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Westminster, Maryland, to Move Forward With Fiber Pilot Projects

| Written by Lisa Gonzalez | No Comments | Updated on Jun 30, 2013 The content that follows was originally published on the Institute for Local Self-Reliance website at https://ilsr.org/westminster-maryland-to-move-forward-with-fiber-pilot-projects/

Westminster, Maryland, began public consideration for community broadband investment last fall and has now decided to “stick our toe in the water and see how it works.” The Carroll County Times recently reported that the community will move ahead with engineering for two community pilot projects.

Local leaders see this as an opportunity to flesh out any challenges for residential and business connectivity. Carroll Lutheran Village, a retirement community, was chosen for several reasons. From the article:

The residential pilot project, Carroll Lutheran Village, would cover approximately 90 acres, according to the feasibility study.

The area presents well-defined boundaries and enough population density to allow a relatively small fiber build to reach a relatively large group of currently unserved residents, the study states.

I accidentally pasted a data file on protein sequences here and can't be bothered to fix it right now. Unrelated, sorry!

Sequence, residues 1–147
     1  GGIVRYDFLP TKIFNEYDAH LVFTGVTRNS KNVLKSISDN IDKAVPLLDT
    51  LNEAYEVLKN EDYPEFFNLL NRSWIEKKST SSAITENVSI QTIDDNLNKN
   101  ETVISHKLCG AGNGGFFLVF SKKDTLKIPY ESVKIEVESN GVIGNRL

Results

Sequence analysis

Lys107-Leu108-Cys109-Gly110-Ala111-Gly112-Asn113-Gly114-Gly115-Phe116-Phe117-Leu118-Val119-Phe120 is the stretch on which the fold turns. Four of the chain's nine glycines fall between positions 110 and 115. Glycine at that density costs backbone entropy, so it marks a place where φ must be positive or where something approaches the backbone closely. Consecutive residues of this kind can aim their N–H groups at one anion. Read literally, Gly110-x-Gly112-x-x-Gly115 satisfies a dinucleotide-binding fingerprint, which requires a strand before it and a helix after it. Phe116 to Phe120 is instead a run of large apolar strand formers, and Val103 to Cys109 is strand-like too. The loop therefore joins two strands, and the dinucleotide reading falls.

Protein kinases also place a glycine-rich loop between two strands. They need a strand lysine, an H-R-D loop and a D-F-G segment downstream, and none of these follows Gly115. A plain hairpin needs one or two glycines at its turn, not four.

Carroll Lutheran Village will also provide insight into potential construction issues around single and multi-family housing, and the benefits and impacts of telehealth, according to the study.

Westminster’s business pilot project, located in the Westminster Technology Park, is near the Carroll County Public Network (CCPN). The feasibility study notes the location as a good candidate for economic development and also a relatively dense area. We had a great conversation with Gary Davis from CCPN in episode #43 of the Broadband Bits podcast. Davis relayed how the CCPN is saving money and creating opportunities for Caroll County Public Schools.

Both Westminster projects include local cost sharing for construction; the city will use capital benefit assessment funds specially designated for such improvements. Estimate for both projects is $650,000.

Westminster’s long-term goal is to connect every resident and business in the city. Like the situation all over the county, Westminster cannot convince large providers to bring the connectivity they need for economic development.